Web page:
It didn’t seem so possible a few weeks ago, but Asante Kotoko are now just a point off the summit of the 2020/21 Ghana Premier League log.
Only in mid-December, remember, did Kotoko fall to Accra Great Olympics — their first loss in the season’s first four league games, yes, but also the third match in that run which the Porcupine Warriors had failed to win.
Maxwell Konadu lost his job as head coach in its immediate aftermath, marking the beginning of the interim tenure of his assistant, Johnson Smith. A month later, last Wednesday, the former Karela United trainer won a third game to send Kotoko up to third on the table.
It was the second time Kotoko had been victorious on the road under Smith, and the team’s travels have yielded two more points in that period. Those results, together with a convincing 2-0 win at home to Liberty Professionals last week, have helped propel Kotoko to their current heights.
Even better, they’ve done so directly at the expense of archrivals Hearts of Oak, leapfrogging a side supposed to be on a surer route of recovery from a similarly inauspicious start to the campaign.
The main reason why Hearts might give off the impression of being in healthier spirits, though, is that they’ve scored nearly twice the number of goals Kotoko have.
Heck, even King Faisal — down and deep in the relegation mix — have been more prolific than Kotoko, but it isn’t like goals were a luxury that suddenly dried up for Smith’s team. It was obvious from quite early in the season that Kotoko wouldn’t be scoring an awful lot; thus far, they’ve averaged a goal per game.
As the competition’s record champions, Kotoko have won the league in nearly two dozen different ways in the past, but this doesn’t look like it could be the most comfortable.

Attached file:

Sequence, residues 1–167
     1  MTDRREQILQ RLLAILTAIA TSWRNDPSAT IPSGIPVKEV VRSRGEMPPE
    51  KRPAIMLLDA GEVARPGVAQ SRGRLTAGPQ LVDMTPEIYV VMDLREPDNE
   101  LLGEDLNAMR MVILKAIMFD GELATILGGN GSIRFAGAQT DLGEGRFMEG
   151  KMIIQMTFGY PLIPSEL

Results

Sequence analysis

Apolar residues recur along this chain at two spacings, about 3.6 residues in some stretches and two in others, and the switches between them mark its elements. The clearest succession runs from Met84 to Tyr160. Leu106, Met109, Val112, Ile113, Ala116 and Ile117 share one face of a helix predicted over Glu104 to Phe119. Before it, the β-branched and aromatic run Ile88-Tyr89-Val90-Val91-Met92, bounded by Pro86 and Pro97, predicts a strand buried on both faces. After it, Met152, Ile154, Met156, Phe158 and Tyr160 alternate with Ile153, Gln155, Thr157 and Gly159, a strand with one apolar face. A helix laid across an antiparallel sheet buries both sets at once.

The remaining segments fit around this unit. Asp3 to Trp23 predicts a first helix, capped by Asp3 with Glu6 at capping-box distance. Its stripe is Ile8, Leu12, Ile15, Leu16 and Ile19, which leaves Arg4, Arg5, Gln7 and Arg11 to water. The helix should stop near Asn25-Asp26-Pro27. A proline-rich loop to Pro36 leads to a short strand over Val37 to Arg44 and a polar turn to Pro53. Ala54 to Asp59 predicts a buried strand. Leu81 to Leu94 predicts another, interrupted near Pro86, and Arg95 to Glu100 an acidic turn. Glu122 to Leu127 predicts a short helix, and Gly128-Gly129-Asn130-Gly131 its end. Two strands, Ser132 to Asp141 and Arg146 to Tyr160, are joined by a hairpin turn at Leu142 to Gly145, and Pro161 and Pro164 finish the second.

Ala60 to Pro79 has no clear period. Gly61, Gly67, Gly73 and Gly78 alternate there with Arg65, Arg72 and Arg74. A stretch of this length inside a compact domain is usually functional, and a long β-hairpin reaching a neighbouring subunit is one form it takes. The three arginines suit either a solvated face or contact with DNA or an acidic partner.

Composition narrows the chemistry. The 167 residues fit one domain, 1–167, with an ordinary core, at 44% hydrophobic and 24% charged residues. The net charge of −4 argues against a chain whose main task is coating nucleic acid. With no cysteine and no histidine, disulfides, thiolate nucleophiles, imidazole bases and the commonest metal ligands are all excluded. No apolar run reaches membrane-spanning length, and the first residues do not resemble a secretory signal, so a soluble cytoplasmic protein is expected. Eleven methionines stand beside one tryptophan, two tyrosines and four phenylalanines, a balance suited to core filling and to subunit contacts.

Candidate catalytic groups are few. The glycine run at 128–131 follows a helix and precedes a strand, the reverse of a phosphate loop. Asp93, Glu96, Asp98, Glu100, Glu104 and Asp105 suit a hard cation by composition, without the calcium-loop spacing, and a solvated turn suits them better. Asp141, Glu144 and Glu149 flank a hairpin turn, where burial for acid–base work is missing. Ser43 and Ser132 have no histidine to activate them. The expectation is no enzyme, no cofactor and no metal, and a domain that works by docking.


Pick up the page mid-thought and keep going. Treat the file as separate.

Still, it isn’t improbable; quite the contrary, one of football’s most revered tacticians — a serial winner, if there ever was one — argues this is probably just the way to go for Kotoko.
“Attack wins you games,” Sir Alex Ferguson famously said, many years ago. “Defence wins you titles.”
For Kotoko, the latter seems the overarching guiding principle. They might not be exactly potent upfront — but for six-goal striker Kwame Opoku, in fact, they’d be in a really bad way — yet Kotoko seem to be building their latest title challenge on a tight backline.
They’ve been through three [national] goalkeepers already — the latest addition to the brood, Razak Abalora, looks to have nailed the position, for now — but all the chopping and changing doesn’t seem to have rocked the defence’s solid core.
In front of whoever has been in goal, a fairly consistent four-man spine — Christopher Nettey (right-back), Imoro Ibrahim (left-back), Habib Mohammed and Ismail Ganiyu (centre-back) — has held firm, even with occasional shuffling of its composition.
There are games in which Kotoko have had up to five defensive outfield players on the pitch — with the likes of Samuel Frimpong, Yussif Mubarik and Wahab Adams taking up shifts necessitated by strategy or some other reason — but the team has hardly been weaker for it.
Kotoko’s defensive record is, indeed, the league’s best; for perspective, the other teams in the table’s top quarter have conceded at least twice as many goals.
How well that superiority holds up against Kotoko’s next few opponents — including Karela (1st), Ashantigold (4th), and Hearts (5th), scorers of 50 goals between them — would indicate the extent to which Ferguson’s clichéd claim could prove true in Kotoko’s case.
As things stand, and until the goals flow more thickly in attack, they’d gladly count their blessings at the other end of the pitch.
Enn Y. Frimpong — Ink & Kicks